A few months ago, Cognilytica released a report on the market identified as the Intelligent Process Automation (IPA) market. In this report, we discussed the evolution of business process automation, modeling, management, and optimization, and some of the tentative steps vendors were making from non-cognitive, Robotic Process Automation (RPA) to what we called cognitive Intelligent Process Automation. Our insight in this report was that automating existing tasks with unintelligent robots still leaves way too many tasks that are dependent on humans to execute, identify, model, and manage. These bots are simply mechanizing the assembly line to take what humans repeatedly do and automate that so machines can then do them repeatedly. However, fundamentally, the processes are the same. Bots get stuck and humans have to help out. And these bots are not intelligent – they can’t handle changes to process flows, data, logic, or other issues.
In our IPA report, we identified four categories of Intelligent Process Automation, with increasing levels of cognitive ability:
|Level 0: Enhanced RPA (not AI)||Level 1: Language & Context Aware||Level 2: Intelligent Process Awareness||Level 3: Autonomous Process Optimization|
|Source: Cognilytica – Intelligent Process Automation Report (http://www.cognilytica.com)|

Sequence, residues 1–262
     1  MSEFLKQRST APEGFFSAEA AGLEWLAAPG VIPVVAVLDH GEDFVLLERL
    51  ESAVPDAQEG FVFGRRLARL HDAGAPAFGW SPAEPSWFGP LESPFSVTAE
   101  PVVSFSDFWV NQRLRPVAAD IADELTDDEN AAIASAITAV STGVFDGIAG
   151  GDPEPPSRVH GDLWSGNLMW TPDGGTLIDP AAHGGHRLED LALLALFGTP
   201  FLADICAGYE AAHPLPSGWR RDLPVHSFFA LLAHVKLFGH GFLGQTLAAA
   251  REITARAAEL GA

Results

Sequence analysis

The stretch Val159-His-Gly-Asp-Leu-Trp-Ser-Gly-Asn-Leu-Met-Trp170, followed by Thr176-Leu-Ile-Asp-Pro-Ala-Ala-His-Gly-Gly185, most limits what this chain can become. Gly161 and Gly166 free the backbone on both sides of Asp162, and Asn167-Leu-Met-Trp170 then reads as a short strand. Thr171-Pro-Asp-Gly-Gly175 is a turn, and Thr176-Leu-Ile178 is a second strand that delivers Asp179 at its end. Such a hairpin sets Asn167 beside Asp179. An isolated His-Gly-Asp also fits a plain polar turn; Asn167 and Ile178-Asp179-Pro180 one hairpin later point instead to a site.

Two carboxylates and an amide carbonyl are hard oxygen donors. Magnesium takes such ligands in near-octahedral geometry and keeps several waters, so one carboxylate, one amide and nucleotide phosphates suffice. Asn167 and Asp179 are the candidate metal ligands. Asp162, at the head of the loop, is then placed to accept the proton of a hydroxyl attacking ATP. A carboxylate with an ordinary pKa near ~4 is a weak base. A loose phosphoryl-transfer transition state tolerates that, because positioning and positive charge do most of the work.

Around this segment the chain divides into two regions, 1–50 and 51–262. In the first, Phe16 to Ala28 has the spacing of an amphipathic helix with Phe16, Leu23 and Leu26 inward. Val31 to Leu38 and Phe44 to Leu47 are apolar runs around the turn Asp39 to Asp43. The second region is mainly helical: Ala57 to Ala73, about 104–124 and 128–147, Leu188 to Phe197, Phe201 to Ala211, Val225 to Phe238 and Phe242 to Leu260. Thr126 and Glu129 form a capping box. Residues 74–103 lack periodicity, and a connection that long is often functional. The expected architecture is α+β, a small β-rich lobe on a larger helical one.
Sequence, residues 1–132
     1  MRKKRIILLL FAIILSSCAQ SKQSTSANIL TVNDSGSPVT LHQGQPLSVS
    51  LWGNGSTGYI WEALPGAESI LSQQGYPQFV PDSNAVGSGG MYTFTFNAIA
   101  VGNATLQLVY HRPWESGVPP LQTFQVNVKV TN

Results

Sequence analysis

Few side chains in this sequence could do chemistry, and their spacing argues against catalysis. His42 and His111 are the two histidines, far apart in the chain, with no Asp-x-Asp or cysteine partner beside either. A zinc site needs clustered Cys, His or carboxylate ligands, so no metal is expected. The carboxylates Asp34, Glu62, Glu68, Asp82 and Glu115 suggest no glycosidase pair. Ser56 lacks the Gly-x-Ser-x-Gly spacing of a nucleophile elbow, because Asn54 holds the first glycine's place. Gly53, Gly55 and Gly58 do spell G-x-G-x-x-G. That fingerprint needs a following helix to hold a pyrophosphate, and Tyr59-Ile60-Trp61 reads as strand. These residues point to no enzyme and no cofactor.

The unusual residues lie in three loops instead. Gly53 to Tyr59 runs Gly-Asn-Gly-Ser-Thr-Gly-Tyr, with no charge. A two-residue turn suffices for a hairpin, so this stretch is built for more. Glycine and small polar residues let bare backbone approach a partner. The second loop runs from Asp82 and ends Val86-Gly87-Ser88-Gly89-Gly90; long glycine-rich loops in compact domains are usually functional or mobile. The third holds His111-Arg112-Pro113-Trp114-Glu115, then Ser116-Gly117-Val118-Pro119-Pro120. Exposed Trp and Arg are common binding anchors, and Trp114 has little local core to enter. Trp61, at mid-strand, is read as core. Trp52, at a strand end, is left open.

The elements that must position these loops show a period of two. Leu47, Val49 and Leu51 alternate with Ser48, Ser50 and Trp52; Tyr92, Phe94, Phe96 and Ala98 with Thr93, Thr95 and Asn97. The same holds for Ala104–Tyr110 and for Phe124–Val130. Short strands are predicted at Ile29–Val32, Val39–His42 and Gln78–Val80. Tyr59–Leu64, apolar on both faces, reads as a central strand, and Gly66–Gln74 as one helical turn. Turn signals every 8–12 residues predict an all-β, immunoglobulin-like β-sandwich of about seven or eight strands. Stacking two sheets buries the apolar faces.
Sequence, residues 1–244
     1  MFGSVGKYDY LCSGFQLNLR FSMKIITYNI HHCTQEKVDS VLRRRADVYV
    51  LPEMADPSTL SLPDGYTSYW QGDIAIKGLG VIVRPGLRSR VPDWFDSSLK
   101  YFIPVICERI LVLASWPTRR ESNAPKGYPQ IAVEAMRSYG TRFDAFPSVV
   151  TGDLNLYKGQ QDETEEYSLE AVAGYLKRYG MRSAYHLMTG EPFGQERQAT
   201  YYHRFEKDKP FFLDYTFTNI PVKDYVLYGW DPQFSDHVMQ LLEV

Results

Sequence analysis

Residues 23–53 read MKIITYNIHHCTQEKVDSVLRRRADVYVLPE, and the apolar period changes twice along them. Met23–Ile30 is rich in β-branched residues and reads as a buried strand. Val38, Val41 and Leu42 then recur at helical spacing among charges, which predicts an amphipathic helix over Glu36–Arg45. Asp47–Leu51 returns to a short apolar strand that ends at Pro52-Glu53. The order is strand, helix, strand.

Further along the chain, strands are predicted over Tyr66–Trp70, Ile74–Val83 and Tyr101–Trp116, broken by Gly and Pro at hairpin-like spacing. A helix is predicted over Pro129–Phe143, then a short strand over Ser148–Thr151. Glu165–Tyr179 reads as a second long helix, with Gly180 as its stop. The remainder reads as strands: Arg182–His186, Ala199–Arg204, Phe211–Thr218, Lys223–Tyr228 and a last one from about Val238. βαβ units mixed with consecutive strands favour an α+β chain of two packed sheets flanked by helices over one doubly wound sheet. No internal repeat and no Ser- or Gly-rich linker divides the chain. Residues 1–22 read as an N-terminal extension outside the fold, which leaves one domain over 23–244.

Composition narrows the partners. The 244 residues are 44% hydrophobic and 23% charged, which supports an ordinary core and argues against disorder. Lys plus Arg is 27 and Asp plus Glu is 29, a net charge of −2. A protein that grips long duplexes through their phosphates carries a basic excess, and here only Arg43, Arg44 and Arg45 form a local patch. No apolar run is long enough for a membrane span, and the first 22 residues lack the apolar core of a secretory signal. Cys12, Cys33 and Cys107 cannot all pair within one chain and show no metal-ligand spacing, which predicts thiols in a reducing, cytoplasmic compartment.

In some ways, this classification borrows from the autonomous vehicle and train industry. In those industries, level 0 represents the unintelligent state of technology, with increasing levels of autonomy requiring increasingly greater levels of cognitive capabilities and providing increasingly greater value to the human users. In the same way, we see moving up the ladder of cognitive ability of business process resulting in increasingly greater value to business organizations by tackling increasingly harder business problems of increasingly more strategic value.
First, Let’s get this out of the Way: RPA Is not AI
While automation is definitely part of the goals of artificial intelligence, and in particular automating things that require human cognitive capabilities, simply automating things doesn’t make them intelligent. Have a good conversation with your crock pot lately? We’ve discussed and written about this concept that automation is not intelligence quite thoroughly in our previous writings, so we won’t beat this horse again.